Also, it should be pointed out that though fuel economy is a fine goal, that we're still not in bad enough shape that you NEED to dump a perfectly good vehicle to save 10MPG with a new car. To save even 10MPG, it could take a decade, even longer to pay off the difference in a new car and a car you already owned, even at $3 or more per gallon. Of course, if you're talking trading a truck/SUV for a little car and a 30+MPG difference, then it could take less time than paying for the car to make up the difference with only a modest increase in fuel prices, especially if you have little or no 'equity' in a truck/hybrid you're making payments on. The more you drive, the quicker any savings add up.


Potentially Expensive Fuel Savings:

1. Get a car that is fuel efficient to begin with.

2. When you get your efficient car, get a manual transmission. However smart an automatic transmission's 'brain' is, it can't see the road ahead like you can, and it can't predict what gear to be in as intelligently, as a result.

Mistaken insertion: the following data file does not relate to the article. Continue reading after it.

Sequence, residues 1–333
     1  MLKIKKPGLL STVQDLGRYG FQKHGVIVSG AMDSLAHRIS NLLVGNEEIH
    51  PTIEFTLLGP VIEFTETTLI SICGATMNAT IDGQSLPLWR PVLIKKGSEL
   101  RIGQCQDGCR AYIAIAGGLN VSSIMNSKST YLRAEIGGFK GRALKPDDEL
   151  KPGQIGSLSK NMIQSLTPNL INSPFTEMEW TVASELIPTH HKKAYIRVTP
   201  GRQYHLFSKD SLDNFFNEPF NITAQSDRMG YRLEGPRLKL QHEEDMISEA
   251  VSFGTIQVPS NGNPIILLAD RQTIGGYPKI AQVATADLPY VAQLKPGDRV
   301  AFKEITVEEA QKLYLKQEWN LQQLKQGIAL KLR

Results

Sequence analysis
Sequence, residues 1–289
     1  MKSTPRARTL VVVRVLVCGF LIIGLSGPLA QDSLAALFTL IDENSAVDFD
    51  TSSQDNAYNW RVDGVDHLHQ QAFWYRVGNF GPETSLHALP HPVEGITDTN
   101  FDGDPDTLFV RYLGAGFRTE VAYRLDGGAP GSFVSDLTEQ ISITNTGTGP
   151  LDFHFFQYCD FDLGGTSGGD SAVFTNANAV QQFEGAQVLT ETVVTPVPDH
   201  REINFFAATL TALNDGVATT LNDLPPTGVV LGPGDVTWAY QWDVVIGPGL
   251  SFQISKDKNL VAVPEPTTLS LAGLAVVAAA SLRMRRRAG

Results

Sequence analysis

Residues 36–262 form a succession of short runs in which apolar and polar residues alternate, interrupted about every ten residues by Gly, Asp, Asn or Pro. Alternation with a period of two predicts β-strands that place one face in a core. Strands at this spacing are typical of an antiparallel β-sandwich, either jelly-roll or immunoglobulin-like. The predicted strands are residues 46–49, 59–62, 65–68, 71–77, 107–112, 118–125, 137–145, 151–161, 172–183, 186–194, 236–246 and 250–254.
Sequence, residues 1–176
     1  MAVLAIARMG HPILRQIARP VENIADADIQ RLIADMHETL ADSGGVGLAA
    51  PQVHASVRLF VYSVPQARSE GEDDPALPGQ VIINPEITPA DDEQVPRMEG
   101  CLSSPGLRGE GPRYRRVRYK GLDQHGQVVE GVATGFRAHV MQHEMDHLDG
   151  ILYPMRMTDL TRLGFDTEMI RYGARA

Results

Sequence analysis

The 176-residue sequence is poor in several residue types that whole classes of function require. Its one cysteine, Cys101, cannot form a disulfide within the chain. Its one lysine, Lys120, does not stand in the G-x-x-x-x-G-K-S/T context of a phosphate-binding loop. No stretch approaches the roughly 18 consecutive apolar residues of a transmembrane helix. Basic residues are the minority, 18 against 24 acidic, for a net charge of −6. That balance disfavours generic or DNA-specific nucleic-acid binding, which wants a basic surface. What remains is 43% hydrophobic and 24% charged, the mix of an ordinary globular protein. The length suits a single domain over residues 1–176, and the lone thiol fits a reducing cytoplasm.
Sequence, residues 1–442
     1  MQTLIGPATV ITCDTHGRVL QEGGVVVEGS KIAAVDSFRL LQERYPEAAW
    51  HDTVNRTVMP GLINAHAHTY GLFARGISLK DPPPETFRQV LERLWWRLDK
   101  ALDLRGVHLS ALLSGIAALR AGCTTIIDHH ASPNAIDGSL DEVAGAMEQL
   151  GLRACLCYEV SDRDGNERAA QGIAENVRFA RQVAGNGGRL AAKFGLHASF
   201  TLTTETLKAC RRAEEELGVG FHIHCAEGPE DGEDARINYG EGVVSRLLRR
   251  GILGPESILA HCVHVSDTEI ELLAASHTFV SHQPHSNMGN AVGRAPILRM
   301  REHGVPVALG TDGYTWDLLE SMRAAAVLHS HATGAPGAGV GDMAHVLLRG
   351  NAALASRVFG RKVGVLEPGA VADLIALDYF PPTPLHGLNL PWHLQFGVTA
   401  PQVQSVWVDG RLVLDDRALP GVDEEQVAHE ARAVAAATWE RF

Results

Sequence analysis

3. Get a car with real-time fuel consumption monitoring, or buy an add-on like a '[Scangauge]' to use until you've established the optimal driving patterns for your vehicle.

4. Don't get a car that keeps the A/C on all the time to keep the windows 'clear', or with 'climate control' that maintains a preset temperature without giving you explicit control to turn the A/C absolutely off, even with the vent fan ON.

"Free" Fuel Savings:

1. Keep track of your fuel consumption. A notepad and a pencil will do. A simple log of odometer+how much gas you put in, with whatever accuracy the odometer and pump gave you. You can't tell if you're saving gas if you don't keep track.